Experimental evidence indicates that cannabis or ?9-tetrahydrocannabinol (THC) use precipitates psychotic symptoms and is associated with a greater risk to develop schizophrenia and worsen its outcome. These observations led to the formulation of the cannabinoid hypothesis of schizophrenia, which postulates that over-activity of the brain endocannabinoid system may contribute to the etiology of this pathology. Recent studies, however, have challenged this hypothesis: for example, drugs aimed at blocking cannabinoid CB1 receptor activity have failed as antipsychotics in clinical trials. Paradoxically, the endocannabinoid anandamide has been found elevated in the cerebrospinal fluid of drug-nave schizophrenics and negatively correlated with the severity of psychotic symptoms, suggesting that endocannabinoids may have a protective role in schizophrenia. In keeping with this hypothesis, our preliminary experiments carried out in phencyclidine (PCP)-treated rats, an animal model of schizophrenia, showed that systemic administration of URB597 (a drug that elevates brain anandamide by inhibiting its inactivation) reverses PCP-induced behavioral deficits and increases coordinated neuronal activity in the prefrontal cortex (PFC), which is deficient in schizophrenia. The divergent effects of THC versus endocannabinoid-enhancing drugs may be attributable to their distinct properties (i.e., brain-wise versus localized activation of CB1 receptors, respectively). In addition, anandamide has the ability to activate other non-CB1 targets. In this proposal we will use behavioral, electrophysiological and biochemical approaches to test the hypothesis that elevation of endocannabinoid tone alleviates PCP-induced behavioral deficits that model schizophrenic symptoms. We will also investigate whether CB1 receptors are necessary and/or sufficient for the expression of the antipsychotic action of anandamide. There are three specific aims.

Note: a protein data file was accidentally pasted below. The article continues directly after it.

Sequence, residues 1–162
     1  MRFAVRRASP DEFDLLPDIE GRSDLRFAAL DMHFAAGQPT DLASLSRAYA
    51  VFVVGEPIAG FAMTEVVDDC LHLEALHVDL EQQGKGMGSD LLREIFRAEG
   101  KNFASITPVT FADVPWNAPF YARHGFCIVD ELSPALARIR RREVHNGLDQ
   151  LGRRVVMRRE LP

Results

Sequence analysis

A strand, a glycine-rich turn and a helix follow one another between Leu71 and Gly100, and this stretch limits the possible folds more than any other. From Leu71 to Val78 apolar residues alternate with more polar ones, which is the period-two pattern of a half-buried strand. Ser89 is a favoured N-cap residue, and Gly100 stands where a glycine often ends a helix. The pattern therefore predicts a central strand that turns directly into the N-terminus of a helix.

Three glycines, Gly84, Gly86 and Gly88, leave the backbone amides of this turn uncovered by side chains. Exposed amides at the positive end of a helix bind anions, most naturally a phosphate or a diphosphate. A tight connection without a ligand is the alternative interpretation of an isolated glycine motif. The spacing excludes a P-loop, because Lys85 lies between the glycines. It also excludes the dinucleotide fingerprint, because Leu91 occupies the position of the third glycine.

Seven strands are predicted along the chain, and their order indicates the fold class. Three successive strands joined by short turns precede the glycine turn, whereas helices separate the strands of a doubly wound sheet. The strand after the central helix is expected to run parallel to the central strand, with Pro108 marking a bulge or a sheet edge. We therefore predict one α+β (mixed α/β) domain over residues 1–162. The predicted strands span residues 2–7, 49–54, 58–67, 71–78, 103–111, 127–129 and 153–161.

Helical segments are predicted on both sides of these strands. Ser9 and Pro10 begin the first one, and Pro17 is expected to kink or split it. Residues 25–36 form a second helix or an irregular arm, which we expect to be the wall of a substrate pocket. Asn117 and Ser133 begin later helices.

In AIM 1, we will assess how THC and endocannabinoid-enhancing drugs affect behaviors relevant to schizophrenia (working memory, social interaction and motor activity) in PCP-treated and normal rats, and analyze their underlying pharmacological mechanisms.
In AIM 2, we will study the effects of these drugs on the activity of coordinated neuronal ensembles and single neuron activity in the PFC of saline- and PCP-treated rats using in vivo electrophysiology.
In AIM 3, we will investigate the effects of the above drugs in the same experimental groups on: (1) endocannabinoid levels, (2) expression and function of CB1 and non-CB1 endocannabinoid-sensitive receptors, and 3) expression and function of endocannabinoid inactivating enzymes, in brain areas relevant to schizophrenia. This study will allow reformulating the cannabinoid hypothesis of schizophrenia to take into account the protective role of endocannabinoids in this disorder, and provide a rationale to design more effective pharmacotherapies for the treatment of psychoses.

Public Health Relevance